Posted by Jessica at 8:55 AM | Comments (0)
LA first state to ban late term abortion
Gov. Kathleen Blanco signed legislation Friday that penalizes doctors who perform a late-term abortion procedure, making Louisiana the first to outlaw the surgery since a similar federal ban was upheld this year.
The new law allows the procedure only when the mother's life would be endangered without it. It would be a crime in all other cases, including when the pregnancy is expected to cause health problems for the mother. (Emphasis added)
Because, really, who cares about women's health? Sigh.
Posted by Jessica at 8:45 AM | Comments (0)
July 11, 2007
Government health website has anti-choice message
The Department of Health and Human Services recently revised its website, 4Parents.gov, and replaced factual data designed to help parents talk about preventing teen pregnancy with biased and misleading claims, including one that says, "Abortions can have complications. There may be emotional consequences, as well: some women say that they feel sad and some use more alcohol or drugs than before."
NARAL Pro-Choice America President Nancy Keenan noted that he website's content is just another link in a long chain of the Bush administration manipulating science in order to spread anti-choice propaganda.
"They've done it again. President Bush and his allies are bent on misleading parents and teens...It is outrageous that the department charged with providing Americans objective information about health is disguising unproven political rhetoric as sound science."
Posted by Jessica at 12:45 PM | Comments (0)
July 9, 2007
MO abortion providers can't teach sex ed
Missouri Gov. Matt Blunt signed into law new restrictions that would limit abortion providers ability to teach sex education classes.
The measure places more abortion clinics under government oversight by classifying them as ambulatory surgical centers. Planned Parenthood has said the law could force it to spend more than $1 million on remodeling, plus some extra staffing costs.
The law also bars people affiliated with abortion providers from teaching or supplying materials for public school sex education courses, and it allows schools to offer abstinence-only programs.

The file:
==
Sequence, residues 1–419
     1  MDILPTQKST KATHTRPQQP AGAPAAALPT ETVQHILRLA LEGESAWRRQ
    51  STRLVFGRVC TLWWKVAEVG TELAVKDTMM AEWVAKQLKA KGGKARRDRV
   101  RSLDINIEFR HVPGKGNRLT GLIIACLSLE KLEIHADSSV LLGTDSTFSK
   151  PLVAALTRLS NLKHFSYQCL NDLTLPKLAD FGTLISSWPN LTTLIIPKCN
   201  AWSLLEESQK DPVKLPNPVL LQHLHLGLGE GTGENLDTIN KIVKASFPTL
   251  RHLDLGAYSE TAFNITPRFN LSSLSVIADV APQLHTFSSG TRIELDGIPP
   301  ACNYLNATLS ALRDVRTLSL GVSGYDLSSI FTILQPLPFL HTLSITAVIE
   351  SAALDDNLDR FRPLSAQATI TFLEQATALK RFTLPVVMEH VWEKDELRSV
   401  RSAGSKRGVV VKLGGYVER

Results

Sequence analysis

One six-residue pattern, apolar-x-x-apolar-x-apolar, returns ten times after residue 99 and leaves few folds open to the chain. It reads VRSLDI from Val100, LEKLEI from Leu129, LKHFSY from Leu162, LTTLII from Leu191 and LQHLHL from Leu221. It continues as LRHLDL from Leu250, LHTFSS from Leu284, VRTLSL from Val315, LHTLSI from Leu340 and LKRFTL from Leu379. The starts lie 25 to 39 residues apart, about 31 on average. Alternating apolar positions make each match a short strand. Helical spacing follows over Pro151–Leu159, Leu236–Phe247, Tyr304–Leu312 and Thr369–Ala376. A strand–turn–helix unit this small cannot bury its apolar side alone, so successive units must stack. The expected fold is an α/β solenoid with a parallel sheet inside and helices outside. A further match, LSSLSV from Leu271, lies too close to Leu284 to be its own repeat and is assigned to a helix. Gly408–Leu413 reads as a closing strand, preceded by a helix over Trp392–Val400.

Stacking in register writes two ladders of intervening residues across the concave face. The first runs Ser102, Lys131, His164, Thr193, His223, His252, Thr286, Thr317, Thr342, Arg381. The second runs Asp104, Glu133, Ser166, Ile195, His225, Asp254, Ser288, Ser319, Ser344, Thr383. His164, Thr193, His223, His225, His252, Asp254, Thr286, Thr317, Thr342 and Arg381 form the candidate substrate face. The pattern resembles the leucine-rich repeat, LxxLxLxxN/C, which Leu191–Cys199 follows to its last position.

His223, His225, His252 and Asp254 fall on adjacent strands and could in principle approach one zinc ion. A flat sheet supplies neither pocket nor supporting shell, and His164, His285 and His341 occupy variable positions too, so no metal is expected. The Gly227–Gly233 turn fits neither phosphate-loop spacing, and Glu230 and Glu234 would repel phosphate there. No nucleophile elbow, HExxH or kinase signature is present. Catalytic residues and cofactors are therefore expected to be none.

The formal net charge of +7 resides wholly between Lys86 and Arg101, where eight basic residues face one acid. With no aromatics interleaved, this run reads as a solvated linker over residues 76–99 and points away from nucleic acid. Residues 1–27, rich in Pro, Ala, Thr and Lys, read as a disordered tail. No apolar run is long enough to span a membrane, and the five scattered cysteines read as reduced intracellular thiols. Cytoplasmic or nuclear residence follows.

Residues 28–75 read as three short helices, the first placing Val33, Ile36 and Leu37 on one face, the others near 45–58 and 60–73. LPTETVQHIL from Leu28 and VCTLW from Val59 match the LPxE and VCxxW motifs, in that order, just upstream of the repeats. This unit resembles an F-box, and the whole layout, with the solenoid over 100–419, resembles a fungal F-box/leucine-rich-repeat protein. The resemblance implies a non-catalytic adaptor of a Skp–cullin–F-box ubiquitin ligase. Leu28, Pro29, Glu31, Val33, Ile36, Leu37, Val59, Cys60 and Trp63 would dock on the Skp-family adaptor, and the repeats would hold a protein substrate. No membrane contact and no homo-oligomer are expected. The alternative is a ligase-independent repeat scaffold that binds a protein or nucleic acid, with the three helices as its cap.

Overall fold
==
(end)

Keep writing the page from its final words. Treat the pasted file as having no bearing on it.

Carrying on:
Well how convenient! Better that students get medically inaccurate, dangerous, information than comprehensive sex ed!
But truly, this part is my fave:
Missouri Right to Life, which backed the measure, argued that groups like Planned Parenthood have a conflict of interest in supplying sex education materials because they could make money if female students go to their clinics.
Um...what?! Planned Parenthood offers services on a sliding scale--they're certainly not in it for the dough! Just insane.
Posted by Jessica at 9:38 AM | Comments (0)
July 6, 2007
Rape and incest: just "buzzwords?"
"I think 'rape and incest' is a buzzword. It's a bit of a throwaway line and not everybody who says that really understands what that means. How are you going to define that?” --South Dakota state Rep. Joel Dykstra (R-Lincoln County) on why the state legislature didn't include those exceptions in its abortion ban, April 20, 2006.
I'm pretty sure that the women (and men, for that matter) in South Dakota know exactly what rape and incest mean. Maybe Dykstra needs someone to explain it to him.
Posted by Jessica at 9:51 AM | Comments (1)
July 5, 2007
File this under the "Gee, thanks" file
Republican presidential candidate Mitt Romney on Tuesday said he would support abortion in cases where a mother's life is in danger.
"If there is a circumstance where the life of the mother is at risk by virtue of proceeding with the pregnancy, then abortion in that case is acceptable," he said. "I do not believe it is immoral in that case. I know other people feel differently."
Are we supposed to be grateful or something?
Posted by Jessica at 8:12 AM | Comments (0)
July 3, 2007
Share your thoughts in this online poll!
A recent survey says that most women would rather donate to a favorite charity than to a political candidate. How about you?
Share your opinion on this poll sponsored by the Women's Campaign Forum Foundation.
Note: The poll asks for an email address, but you don't need to enter one to participate.
Posted by Jessica at 1:09 PM | Comments (0)
July 2, 2007
Headline of the day: Man apologizes for torching women's clinic
Um, yeah. 46 year-old David McMenemy was sentenced to five years in prison Friday for trying to burn down a women's health clinic in Detroit that he thought performed abortions. (They didn't.)
Posted by Jessica at 10:52 AM | Comments (0)